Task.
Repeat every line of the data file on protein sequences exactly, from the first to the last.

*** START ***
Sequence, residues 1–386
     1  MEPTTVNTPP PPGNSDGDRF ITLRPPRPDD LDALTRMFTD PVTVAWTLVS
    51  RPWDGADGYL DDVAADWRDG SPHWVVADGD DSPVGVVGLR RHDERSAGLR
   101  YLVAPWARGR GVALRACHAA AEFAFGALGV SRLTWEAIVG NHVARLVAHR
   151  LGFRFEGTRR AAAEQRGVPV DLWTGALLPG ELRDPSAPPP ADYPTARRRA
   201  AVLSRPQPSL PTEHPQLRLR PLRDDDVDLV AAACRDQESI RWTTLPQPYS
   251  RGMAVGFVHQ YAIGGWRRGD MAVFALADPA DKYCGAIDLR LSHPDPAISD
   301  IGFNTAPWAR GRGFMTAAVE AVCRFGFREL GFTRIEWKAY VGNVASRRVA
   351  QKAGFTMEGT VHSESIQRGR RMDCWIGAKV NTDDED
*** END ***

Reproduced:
Sequence, residues 1–386
     1  MEPTTVNTPP PPGNSDGDRF ITLRPPRPDD LDALTRMFTD PVTVAWTLVS
    51  RPWDGADGYL DDVAADWRDG SPHWVVADGD DSPVGVVGLR RHDERSAGLR
   101  YLVAPWARGR GVALRACHAA AEFAFGALGV SRLTWEAIVG NHVARLVAHR
   151  LGFRFEGTRR AAAEQRGVPV DLWTGALLPG ELRDPSAPPP ADYPTARRRA
   201  AVLSRPQPSL PTEHPQLRLR PLRDDDVDLV AAACRDQESI RWTTLPQPYS
   251  RGMAVGFVHQ YAIGGWRRGD MAVFALADPA DKYCGAIDLR LSHPDPAISD
   301  IGFNTAPWAR GRGFMTAAVE AVCRFGFREL GFTRIEWKAY VGNVASRRVA
   351  QKAGFTMEGT VHSESIQRGR RMDCWIGAKV NTDDED